The "Orange and Teal" look is immensely popular for videos of all shapes and sizes, from YouTube travel videos to Hollywood blockbusters. It not only adds depth and color contrast to a shot but also gives footage a pleasing, warm golden hour look and feel. In this video, PremiereGal demonstrates how you can easily add this color grade to your video in Adobe Premiere Pro without plugins or look up tables (LUTs).
Articles written by Aneesh Kothari
Just like everyone else, my social media feed was flooded with solar eclipse images yesterday. While there were a number of truly amazing shots and at least one potentially politically controversial one, my hands-down favorite was the remarkable photograph of a silhouetted climber at the moment of totality, captured by professional Outdoor and Commercial Photographer Andrew Studer. I spoke with Studer and Ted Hesser, an adventure photographer who envisioned and planned the shot, to better understand how they pulled it off.
In his latest photography tutorial, noted French photographer (and prolific video tutorial maker) Serge Ramelli demonstrates how to quickly and effectively replace a sky in Photoshop.
Smartphone video is seemingly getting better by the minute. While they may still have a little way to go to match a $50,000 RED Weapon (though it's closer than you think), smartphones can be utilized to create videos of astonishing quality given the obvious limitations (small sensor, fixed focal length lens, noise issues created by limited ISO capability). In his latest video, popular YouTube photography personality Kai Wong discusses various tips to get the most out of your smartphone videography.
Luminosity masks are a fantastic way to make precise selections based on luminance values (hence the name). As with all things Photoshop, there are multiple ways to achieve the same result. I find using channel selections to be the easiest way to manually create my masks. I realize I'm probably preaching to the choir, but for those yet to join in on the singing, I hope you find this information useful as you continue to build your editing tool set.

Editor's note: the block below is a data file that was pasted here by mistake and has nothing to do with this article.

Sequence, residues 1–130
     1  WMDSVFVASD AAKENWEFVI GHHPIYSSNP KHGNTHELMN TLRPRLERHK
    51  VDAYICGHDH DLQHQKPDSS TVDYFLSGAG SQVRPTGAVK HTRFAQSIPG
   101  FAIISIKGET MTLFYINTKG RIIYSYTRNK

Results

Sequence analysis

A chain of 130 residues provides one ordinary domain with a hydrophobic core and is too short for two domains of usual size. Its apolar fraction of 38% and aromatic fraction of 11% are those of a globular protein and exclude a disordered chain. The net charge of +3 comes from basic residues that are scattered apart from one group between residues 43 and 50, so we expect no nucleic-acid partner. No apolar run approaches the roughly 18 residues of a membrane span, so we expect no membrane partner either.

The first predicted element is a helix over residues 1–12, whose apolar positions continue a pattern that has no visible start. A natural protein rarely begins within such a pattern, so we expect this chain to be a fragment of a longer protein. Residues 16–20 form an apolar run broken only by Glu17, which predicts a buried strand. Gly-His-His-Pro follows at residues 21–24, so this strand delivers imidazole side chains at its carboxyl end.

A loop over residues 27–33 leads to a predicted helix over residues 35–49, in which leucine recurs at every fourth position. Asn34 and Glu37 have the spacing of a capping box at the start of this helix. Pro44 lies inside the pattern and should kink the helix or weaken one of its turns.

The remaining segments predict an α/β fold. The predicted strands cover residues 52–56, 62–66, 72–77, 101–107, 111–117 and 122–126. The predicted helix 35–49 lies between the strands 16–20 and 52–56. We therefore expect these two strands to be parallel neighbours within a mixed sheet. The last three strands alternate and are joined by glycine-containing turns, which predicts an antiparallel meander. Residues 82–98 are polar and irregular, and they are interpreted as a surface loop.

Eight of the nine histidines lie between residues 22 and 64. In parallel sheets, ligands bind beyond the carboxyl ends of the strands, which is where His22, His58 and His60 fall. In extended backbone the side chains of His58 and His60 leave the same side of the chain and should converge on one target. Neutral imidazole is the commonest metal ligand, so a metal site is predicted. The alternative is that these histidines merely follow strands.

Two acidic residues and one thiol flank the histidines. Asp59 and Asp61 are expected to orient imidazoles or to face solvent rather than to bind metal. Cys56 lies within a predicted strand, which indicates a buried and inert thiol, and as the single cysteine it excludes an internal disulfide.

Lightroom is widely used for cataloging and editing photos. But did you know that you can use it to quickly and easily edit video as well? Colin Smith of PhotoshopCafe offers five quick tips on color grading and editing videos in Lightroom.
Over the last several weeks, my social media feeds have been flooded with a torrent of lavender images, each seemingly more beautiful than the last. Late June is generally the high season for the lavender bloom in the famous Provence region of southern France. It's a time of year when photographers, tourists, and bees come together in perfect harmony to dance among the purple fields from dawn to dusk. Photographer Jimmy McIntyre was part of the crowds last month and made an informative and entertaining video on his ten-day trip photographing the bloom.
If you're not familiar with Crash Course (and judging by the number of subscribers and viewers they have on YouTube, most of you are), it is an educational YouTube channel started by Hank and John Green. Mixing well thought-out topics and storylines with strong insights and entertainment, and combining it all into easily digestible episodes, the Green brothers have successfully presented and taught myriad subjects ranging from Biology to U.S. History and seemingly everything in between. Their latest venture is Crash Course Film.
Back in July of 2016 when my daughter was a mere glimmer in my eye, I read Alex Cooke’s excellent article on shooting drone portraits. I was immediately transfixed by this new (new to me, anyway) concept. Some 12 months after first stumbling upon Alex’s article, I have a seven-week-old at home, and my travel photography has come to a halt (at least for a while). But I can always drone the baby! Here are some tips for getting the most out of your newborn drone portrait session.